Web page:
The Chronicle Gambia

Coronavirus: Two Airlines Shut Down Amidst COVID-19 Outbreak Leaving Travelers Devastated

Royal Air Maroc and Brussels Airlines are facing a widespread shutdown over coronavirus fears after airlines announced new flight reductions as more countries introduced travel bans and isolation requirements.

The two airlines, Royal Air Maroc and Brussels Airlines, stated today that it would start implementing a phased suspension of flights from Monday, March 16th to April 1st, amid reduced demand and travel restrictions due to the ongoing coronavirus outbreak.

But travelers are furious with the measures taken by the airlines.

One traveler shared “My situation would be better in Europe because if I get sick I’ll have a better supply than staying here…And I want to now find the possibility of finding an airline to get a ticket out and that means spending extra money. In Germany I can’t go back to the job I do so it basically means going back to bankruptcy…so I am at the moment a little bit lost to be honest.”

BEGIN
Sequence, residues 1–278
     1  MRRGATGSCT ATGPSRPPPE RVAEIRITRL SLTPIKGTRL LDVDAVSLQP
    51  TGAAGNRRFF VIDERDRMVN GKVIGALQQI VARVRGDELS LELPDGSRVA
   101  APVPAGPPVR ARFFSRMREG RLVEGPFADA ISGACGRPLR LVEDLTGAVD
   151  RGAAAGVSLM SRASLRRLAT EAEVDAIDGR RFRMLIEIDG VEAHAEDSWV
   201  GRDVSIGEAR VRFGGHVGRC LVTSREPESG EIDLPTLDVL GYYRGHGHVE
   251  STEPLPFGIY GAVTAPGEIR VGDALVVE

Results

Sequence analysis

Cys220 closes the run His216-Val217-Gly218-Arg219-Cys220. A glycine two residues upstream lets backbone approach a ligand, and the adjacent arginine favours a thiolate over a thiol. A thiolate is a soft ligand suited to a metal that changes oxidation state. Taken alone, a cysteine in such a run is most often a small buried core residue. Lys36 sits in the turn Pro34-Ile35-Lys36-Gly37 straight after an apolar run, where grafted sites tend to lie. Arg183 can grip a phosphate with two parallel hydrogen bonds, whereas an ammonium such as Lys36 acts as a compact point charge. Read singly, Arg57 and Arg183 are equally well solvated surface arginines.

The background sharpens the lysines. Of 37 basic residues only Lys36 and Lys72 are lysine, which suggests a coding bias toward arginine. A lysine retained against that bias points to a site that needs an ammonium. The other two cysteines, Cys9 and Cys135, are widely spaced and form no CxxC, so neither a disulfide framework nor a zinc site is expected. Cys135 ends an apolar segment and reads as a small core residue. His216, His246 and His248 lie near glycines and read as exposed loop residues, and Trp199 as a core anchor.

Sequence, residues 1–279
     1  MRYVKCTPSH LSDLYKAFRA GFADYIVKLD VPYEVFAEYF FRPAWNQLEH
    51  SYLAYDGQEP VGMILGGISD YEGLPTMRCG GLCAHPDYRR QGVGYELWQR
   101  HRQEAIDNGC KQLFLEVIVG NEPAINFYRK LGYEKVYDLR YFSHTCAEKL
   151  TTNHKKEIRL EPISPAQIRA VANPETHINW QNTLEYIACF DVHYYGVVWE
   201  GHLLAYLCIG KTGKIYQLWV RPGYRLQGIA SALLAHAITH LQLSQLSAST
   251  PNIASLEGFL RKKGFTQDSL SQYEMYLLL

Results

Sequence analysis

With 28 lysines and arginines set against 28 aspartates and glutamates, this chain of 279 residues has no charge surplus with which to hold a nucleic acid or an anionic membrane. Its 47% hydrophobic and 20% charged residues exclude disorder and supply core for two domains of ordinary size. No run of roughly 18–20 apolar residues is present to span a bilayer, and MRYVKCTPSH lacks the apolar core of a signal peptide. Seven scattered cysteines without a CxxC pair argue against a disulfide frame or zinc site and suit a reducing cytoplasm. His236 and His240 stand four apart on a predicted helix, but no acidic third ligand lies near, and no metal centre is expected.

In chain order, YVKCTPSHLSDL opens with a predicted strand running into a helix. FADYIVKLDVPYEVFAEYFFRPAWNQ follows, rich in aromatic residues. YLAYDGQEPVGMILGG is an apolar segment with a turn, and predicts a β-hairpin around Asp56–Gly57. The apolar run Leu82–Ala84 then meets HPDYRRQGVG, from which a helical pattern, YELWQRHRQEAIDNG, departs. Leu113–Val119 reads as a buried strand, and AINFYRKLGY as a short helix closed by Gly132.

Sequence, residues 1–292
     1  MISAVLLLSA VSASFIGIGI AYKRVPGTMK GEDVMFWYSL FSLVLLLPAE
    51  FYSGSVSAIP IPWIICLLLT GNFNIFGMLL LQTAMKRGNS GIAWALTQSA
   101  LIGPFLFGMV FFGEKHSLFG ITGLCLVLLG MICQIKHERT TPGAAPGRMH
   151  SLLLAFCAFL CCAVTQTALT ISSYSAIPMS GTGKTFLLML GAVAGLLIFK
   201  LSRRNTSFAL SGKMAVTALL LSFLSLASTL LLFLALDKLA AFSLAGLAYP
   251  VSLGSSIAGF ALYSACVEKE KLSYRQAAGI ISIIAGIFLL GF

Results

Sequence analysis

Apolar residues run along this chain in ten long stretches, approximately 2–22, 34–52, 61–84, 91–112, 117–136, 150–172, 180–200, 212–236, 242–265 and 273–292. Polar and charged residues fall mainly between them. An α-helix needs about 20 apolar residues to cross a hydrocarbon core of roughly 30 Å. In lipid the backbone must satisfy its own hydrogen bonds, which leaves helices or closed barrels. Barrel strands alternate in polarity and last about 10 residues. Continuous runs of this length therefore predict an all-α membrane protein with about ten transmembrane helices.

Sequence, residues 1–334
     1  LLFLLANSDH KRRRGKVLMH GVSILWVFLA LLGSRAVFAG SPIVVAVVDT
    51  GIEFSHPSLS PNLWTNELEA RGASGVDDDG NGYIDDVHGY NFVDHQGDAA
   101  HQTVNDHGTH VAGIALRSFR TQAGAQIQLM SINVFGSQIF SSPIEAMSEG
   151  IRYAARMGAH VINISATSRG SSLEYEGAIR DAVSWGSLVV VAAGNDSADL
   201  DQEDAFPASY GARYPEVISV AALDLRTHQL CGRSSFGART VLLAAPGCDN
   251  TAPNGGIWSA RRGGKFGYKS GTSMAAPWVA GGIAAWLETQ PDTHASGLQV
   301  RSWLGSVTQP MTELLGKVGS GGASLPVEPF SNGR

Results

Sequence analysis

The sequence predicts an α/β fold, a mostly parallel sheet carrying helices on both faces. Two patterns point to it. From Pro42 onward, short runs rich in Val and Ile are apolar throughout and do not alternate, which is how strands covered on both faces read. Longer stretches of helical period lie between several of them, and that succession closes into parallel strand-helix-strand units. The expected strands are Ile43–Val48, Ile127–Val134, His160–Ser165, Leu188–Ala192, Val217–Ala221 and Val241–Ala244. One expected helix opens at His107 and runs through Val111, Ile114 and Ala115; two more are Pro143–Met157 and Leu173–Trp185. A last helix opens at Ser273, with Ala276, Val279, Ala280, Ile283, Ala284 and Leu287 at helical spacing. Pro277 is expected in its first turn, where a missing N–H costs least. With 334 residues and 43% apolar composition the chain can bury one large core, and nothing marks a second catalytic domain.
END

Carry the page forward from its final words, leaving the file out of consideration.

Travelers gathered at Air Maroc offices in Senegambia

A couple explained how the termination of flights will affect their jobs in Europe, leaving them with no possible options.

“We are currently stuck here in The Gambia as a result of the airlines’ decision and that’s going to affect our businesses and jobs back home. We have no option whatsoever so we’ll just stick around until April 1st to see if flights will be open by then. It’s going to be an extra charge on us but what can we do?” says the German couple.

Measures Taken

The Gambian government has put in place preventive measures on the outbreak by suspending overseas travels for public officers.

“The relevant government authorities are actively monitoring this global health menace and will advise the Office of the President accordingly to review the suspension at the appropriate time,” a statement from the State House notes.

The novel coronavirus has killed more than 6,500 with over 174,614 cases worldwide, according to an estimate from Johns Hopkins University, which is tracking cases reported by the World Health Organization and additional sources.

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